Text / Dragonslayer Chatter Endless Mirror Book Club
The concepts of "humanization of machines" and "machinization of man" are taken from the article "Three Intellectual Awakenings in Human Evolution" on China Social Science. This article reads.
In a way, the mind revolution since the 1950s is a continuation of the second intellectual awakening. The difference is that the object of this revolution is not the understanding and transformation of nature, but a breakthrough in the constraints of human biology itself, which may lead to an entirely new stage of human evolution. The third mind revolution is happening mainly in the field of artificial intelligence and brain science. Although the two areas intersect significantly, the paths are different. The path to artificial intelligence is the "humanization of the machine"; And the path of brain science is the "machinization of man". Whichever area is the first to make a breakthrough will lead to the emergence of a new species of human-machine unity that will disrupt our understanding of what it means to be human.
This article prompted this rant. "The best illustration of this is the Alpha dog, which has picked Li Shi Shi and Ke Jie off their horses. "The machinization of man", but we ordinary people don't quite feel it yet. With the level of knowledge of this science and technology illiterate, I can only think of the extent of "bio-chip", that is, through the implantation of various powerful "bio-chips", so that the human brain or even the human body can achieve systemic, structural and targeted enhancement in an instant. For example, with the implantation of a "biochip", an illiterate person can be transformed into a Ph.D. in history with a wide range of knowledge, or a mildly retarded person with an IQ of 70 can be transformed into a genius with an IQ of over 140.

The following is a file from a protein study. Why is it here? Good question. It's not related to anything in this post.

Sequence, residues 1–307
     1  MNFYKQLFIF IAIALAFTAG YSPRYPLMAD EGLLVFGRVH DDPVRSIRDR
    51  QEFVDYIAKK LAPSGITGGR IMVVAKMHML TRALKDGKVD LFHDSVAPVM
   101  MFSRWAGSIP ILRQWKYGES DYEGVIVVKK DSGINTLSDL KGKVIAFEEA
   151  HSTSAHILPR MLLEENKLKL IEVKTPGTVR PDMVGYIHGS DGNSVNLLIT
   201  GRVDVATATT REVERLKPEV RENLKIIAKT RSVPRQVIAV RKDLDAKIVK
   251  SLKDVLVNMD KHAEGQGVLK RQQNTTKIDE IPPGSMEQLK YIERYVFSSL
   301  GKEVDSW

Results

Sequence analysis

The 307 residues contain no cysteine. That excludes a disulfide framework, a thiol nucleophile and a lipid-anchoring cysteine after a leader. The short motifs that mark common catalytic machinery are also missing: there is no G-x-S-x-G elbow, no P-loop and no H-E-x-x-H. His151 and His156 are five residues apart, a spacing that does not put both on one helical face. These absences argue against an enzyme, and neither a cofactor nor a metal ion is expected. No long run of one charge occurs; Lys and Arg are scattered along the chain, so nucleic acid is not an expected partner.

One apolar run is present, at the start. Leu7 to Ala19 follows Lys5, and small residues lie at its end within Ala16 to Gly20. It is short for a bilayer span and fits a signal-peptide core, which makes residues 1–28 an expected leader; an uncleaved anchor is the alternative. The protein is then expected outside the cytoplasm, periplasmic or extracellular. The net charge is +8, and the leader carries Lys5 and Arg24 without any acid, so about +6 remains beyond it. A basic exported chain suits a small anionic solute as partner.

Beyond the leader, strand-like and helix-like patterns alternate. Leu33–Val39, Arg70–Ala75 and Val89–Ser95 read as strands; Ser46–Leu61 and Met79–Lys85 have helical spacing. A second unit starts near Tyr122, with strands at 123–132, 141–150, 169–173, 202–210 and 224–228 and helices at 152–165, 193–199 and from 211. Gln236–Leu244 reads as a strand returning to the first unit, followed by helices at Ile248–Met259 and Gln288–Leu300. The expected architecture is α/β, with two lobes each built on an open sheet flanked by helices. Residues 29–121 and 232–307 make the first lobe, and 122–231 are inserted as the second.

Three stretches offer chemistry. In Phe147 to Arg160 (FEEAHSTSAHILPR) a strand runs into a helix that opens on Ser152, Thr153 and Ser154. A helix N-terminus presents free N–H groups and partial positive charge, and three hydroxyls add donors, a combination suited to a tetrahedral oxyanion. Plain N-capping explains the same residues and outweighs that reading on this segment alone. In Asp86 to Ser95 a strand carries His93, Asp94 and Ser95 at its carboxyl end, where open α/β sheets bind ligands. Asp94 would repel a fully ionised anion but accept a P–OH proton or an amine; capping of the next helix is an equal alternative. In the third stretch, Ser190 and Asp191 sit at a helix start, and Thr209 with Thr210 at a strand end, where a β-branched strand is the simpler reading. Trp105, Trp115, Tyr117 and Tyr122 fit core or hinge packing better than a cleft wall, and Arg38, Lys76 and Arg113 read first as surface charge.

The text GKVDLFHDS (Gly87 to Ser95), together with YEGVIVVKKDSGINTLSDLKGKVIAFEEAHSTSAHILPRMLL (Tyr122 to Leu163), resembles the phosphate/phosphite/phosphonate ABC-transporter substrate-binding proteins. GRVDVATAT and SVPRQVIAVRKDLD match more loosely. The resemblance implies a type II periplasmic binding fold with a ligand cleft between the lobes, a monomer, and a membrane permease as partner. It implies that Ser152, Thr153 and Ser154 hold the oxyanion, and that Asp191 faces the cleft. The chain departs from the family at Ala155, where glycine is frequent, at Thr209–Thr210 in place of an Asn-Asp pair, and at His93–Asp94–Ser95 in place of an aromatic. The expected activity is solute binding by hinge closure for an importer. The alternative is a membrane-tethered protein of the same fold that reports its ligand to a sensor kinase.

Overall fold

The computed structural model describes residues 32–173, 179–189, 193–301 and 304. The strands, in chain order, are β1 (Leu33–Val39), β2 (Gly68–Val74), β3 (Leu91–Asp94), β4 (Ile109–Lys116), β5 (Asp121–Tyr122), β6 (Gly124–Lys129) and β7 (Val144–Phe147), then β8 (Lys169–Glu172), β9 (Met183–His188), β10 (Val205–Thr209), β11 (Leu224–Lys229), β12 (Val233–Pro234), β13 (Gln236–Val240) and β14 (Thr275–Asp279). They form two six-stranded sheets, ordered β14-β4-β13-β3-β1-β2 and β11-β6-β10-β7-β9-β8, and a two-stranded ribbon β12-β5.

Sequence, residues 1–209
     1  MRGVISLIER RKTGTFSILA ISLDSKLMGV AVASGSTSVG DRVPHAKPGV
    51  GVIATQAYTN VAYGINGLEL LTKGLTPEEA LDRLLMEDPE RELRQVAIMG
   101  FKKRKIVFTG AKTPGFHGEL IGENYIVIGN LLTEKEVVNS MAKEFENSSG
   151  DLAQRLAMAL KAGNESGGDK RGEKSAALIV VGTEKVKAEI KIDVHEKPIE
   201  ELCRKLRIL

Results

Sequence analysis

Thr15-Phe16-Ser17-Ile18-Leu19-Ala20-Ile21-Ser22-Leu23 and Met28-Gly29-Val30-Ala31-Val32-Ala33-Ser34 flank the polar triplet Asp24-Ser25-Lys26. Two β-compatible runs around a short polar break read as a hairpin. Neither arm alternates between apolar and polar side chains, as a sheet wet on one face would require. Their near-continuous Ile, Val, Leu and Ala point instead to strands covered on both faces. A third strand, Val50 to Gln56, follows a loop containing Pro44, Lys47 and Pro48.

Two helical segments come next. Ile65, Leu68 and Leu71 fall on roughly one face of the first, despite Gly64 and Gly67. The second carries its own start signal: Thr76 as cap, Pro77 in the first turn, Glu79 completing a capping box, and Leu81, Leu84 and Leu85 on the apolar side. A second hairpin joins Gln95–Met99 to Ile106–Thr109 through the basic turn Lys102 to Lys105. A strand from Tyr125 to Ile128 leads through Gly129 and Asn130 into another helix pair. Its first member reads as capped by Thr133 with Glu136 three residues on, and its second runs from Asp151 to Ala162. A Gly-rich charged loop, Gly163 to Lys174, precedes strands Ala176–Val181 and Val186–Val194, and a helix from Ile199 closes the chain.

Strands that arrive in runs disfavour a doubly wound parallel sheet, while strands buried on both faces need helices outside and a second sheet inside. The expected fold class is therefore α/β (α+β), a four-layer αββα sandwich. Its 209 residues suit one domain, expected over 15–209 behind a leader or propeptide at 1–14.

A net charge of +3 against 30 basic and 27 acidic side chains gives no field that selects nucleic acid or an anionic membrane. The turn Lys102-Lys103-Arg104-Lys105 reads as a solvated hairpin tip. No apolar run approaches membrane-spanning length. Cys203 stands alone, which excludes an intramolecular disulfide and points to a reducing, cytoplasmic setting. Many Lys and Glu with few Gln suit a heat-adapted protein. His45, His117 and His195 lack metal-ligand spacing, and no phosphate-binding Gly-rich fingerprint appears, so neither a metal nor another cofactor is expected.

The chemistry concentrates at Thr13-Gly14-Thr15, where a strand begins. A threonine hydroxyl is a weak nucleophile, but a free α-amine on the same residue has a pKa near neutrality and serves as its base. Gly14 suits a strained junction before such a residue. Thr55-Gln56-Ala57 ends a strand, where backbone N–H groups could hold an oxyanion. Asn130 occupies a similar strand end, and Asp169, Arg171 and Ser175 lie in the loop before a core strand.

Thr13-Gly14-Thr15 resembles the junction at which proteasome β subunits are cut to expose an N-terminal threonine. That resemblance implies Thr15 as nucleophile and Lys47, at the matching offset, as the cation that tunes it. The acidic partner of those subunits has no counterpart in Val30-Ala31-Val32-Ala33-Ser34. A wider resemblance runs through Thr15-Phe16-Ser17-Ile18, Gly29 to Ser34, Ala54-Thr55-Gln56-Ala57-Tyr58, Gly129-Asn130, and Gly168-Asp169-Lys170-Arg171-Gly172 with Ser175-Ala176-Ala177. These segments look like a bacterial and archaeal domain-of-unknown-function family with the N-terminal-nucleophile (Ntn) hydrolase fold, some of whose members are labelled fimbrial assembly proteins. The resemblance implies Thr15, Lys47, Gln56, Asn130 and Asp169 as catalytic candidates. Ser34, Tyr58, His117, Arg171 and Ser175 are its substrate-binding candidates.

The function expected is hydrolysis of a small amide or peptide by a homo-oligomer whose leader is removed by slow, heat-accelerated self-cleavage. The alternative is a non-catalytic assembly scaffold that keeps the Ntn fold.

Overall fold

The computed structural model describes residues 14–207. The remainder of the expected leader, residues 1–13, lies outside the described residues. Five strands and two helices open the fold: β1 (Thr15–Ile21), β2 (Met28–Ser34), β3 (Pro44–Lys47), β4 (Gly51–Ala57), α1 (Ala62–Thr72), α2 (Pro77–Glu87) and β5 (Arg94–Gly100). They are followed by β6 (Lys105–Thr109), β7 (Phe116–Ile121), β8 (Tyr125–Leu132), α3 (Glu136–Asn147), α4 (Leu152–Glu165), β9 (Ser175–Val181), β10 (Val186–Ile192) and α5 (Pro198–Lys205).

We have already had a lot of thoughts and fantasies about the "humanization of machines", and we have also had a lot of warnings and precautions. The American film "Futurama", made in 1976, was a sensation in mainland China in the 1980s, and I'm sure it will ring a bell with those of you who are post-60s. Then came 1999's The Machine Butler, 2015's Robotech, and so on.
Regarding the "machinization of man", other than RoboCop, I can't think of any movies or TV shows at the moment. Checked Baidu and it says there's also Spider-Man 2, Tuxedo, or something, because I haven't seen it and don't dare to say anything.
Which is scarier, the "humanization of machines" or the "machinization of people"? The very fact that the question is posed may be controversial. Some people may question Benjamin and say that both the "humanization of machines" and the "machinization of man" will greatly benefit human life, so how can we talk about fear? Some people will enlighten Benjamin that the "humanization of machines" can completely free man from labor, and the "machinization of man" can completely eliminate the inherent inequality between man and man, so how can it be defined in terms of horror?
I have to admit that these questions and enlightenment are valid, but the present rant still stubbornly insists on its own views and still wants to use the word "horrible" for "machinization" and "machinization of man".
This drongo thought that science and technology is the most terrible Pandora's box when it has developed to the point of being able to change the biological form of man, and mankind is standing on the precipice of doom and gloom.